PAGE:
China rejects key Western calls for human-rights reforms at U.N. meeting

FILE PHOTO: Hong Kong protesters face off against riot police at a rally in support of the human rights of Xinjiang Uighurs in Hong Kong

By Emma Farge

GENEVA (Reuters) - China on Thursday rejected Western-led recommendations for human-rights reforms including calls for greater freedoms in Hong Kong and for Uyghurs in Xinjiang, but accepted others from allies, as it sought to defend its record at a U.N. meeting.

The U.N. Human Rights Council session in Geneva caps off a review process in which Beijing has strived to fend off criticism following a 2022 U.N. report which said the detention of Uyghurs and other Muslims in China's Xinjiang region may constitute crimes against humanity. China denies any abuses.

The council's president, Omar Zniber, said China had accepted nearly 70% of the more than 400 reform recommendations it received as part of the U.N. review.

"Progress and development on human rights is achieved in China with each passing day," China's ambassador, Chen Xu, told the meeting, alongside a large delegation of Chinese diplomats and officials. He said it rejected recommendations that were "politically motivated based on disinformation, ideologically biased or interfering in China's traditional sovereignty" and condemned what he called an attempt to "smear and attack" it.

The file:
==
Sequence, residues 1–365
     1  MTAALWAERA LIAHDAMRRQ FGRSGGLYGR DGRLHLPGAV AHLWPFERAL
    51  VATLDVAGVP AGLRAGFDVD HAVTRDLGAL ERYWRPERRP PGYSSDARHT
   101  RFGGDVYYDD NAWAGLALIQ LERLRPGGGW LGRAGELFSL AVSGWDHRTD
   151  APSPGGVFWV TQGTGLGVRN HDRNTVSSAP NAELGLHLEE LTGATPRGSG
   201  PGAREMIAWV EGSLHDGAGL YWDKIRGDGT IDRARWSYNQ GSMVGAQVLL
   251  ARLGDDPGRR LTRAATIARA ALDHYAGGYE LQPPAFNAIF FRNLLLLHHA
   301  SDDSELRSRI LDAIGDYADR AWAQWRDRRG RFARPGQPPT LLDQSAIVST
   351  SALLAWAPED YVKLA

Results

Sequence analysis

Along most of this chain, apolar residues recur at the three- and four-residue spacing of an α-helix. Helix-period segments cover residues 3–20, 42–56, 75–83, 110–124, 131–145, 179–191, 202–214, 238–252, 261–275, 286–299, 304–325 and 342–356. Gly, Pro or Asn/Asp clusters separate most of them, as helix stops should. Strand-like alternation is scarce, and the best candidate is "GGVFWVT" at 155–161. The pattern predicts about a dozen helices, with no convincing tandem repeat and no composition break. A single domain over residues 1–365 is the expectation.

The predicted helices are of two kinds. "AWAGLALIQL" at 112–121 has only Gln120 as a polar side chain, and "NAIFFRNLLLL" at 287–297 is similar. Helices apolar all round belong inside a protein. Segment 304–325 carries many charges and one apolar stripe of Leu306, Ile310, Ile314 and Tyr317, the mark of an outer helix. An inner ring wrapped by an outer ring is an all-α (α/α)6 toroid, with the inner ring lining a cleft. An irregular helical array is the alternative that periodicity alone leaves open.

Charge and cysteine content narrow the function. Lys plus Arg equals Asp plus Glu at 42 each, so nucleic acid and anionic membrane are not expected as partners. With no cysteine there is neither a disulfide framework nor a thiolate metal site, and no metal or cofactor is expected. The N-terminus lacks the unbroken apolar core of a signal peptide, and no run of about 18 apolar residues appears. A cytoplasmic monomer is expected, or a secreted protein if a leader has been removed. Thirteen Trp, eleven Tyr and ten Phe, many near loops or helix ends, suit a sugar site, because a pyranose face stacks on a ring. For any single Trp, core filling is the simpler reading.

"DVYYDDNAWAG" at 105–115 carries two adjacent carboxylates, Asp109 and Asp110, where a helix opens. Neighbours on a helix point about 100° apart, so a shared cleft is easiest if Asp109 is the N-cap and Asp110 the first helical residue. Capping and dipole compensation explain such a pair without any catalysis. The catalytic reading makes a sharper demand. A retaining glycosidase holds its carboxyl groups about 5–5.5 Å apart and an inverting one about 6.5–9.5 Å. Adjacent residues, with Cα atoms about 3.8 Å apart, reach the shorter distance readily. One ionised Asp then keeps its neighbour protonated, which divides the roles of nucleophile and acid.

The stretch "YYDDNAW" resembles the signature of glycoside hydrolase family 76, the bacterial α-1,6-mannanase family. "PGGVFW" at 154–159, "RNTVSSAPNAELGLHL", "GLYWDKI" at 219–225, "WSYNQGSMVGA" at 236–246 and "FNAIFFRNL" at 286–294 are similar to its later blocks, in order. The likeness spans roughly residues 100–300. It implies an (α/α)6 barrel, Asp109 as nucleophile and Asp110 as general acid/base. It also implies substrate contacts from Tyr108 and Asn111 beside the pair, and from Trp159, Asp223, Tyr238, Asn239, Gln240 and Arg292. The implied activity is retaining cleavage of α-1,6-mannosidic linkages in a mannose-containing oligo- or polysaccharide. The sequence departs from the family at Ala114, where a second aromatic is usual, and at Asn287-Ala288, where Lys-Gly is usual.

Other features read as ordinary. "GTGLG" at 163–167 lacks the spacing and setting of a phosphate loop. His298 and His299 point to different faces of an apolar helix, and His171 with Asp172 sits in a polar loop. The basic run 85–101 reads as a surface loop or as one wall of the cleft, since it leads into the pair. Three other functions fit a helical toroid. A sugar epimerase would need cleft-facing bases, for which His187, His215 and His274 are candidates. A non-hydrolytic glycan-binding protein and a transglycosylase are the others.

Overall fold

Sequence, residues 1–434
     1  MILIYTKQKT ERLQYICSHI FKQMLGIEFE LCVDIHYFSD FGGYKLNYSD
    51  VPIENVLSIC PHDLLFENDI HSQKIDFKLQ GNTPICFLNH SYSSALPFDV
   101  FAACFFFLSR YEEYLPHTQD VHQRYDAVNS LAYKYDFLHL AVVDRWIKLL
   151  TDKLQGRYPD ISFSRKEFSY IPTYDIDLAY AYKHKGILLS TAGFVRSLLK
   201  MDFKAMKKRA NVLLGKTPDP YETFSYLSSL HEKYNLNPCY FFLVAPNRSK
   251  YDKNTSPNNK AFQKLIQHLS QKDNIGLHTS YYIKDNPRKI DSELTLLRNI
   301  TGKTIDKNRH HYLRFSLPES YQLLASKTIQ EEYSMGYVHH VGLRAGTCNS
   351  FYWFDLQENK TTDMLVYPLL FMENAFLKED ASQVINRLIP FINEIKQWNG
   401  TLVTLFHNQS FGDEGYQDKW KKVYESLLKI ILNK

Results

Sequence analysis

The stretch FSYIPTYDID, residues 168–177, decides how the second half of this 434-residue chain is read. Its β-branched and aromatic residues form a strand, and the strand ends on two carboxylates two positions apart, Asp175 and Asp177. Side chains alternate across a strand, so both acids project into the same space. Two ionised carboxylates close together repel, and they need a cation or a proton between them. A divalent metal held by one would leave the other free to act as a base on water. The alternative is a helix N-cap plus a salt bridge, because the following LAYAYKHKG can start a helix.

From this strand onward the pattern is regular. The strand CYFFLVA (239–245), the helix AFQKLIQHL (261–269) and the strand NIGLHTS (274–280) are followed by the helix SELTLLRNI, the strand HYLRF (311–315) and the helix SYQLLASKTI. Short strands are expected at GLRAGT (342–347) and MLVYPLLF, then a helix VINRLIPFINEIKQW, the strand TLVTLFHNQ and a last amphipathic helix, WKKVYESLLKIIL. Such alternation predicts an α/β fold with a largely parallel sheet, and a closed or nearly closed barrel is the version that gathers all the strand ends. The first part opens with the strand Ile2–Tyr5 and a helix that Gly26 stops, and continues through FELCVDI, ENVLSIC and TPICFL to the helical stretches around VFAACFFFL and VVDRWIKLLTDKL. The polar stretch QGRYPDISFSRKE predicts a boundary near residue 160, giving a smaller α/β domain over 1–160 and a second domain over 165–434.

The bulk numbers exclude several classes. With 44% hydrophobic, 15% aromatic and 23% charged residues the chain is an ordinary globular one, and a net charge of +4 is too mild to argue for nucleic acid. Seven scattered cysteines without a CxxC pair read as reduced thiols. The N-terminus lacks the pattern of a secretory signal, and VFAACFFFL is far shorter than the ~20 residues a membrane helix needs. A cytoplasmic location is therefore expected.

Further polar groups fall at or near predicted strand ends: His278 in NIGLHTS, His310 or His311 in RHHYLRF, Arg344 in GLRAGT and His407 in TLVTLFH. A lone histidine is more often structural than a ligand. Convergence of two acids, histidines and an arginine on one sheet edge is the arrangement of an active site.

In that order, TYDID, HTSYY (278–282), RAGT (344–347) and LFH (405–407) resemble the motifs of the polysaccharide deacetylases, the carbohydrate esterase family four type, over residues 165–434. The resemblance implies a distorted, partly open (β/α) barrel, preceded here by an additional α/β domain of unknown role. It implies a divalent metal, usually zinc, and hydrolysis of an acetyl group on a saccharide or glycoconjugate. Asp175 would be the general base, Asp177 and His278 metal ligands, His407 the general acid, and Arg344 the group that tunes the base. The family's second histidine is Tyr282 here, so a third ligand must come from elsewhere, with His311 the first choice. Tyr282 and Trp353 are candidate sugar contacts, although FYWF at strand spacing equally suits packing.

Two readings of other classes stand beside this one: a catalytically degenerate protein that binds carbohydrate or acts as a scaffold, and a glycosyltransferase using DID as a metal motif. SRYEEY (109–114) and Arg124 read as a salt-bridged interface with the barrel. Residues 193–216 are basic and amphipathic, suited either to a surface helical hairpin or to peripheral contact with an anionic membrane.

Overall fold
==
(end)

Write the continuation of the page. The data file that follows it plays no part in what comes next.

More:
Yet China's critics say its high acceptance rate is misleading, with one Western diplomat alleging the country had "stacked the deck" by investing political capital in quelling criticism.

Reuters previously reported that China had lobbied non-Western countries to praise its record by asking them to make "constructive recommendations."

British ambassador Simon Manley complained to the council that China had rejected each and every one of its recommendations, including a call for an end to persecutions of Uyghurs and for the Hong Kong security law to be repealed.

U.S. Human Rights Ambassador Michèle Taylor also voiced disappointment at what she called China's refusal to take action.

"China's abuses constitute a rejection of U.N. assessments and recommendations and violate or undermine international commitments," she said. Other countries were more upbeat, including Russia's envoy who praised China's "constructive approach" and Gambia's envoy who lauded the country's progress.

The U.N. review of China is not unique and all countries undergo the process every few years at the council - the only intergovernmental body designed to protect human rights worldwide.

An attempt to hold a debate about the U.N. High Commissioner's China report was voted down by mostly non-Western members later in 2022 - a result seen as a diplomatic victory for Beijing.

(Reporting by Emma Farge in Geneva; Editing by Matthew Lewis)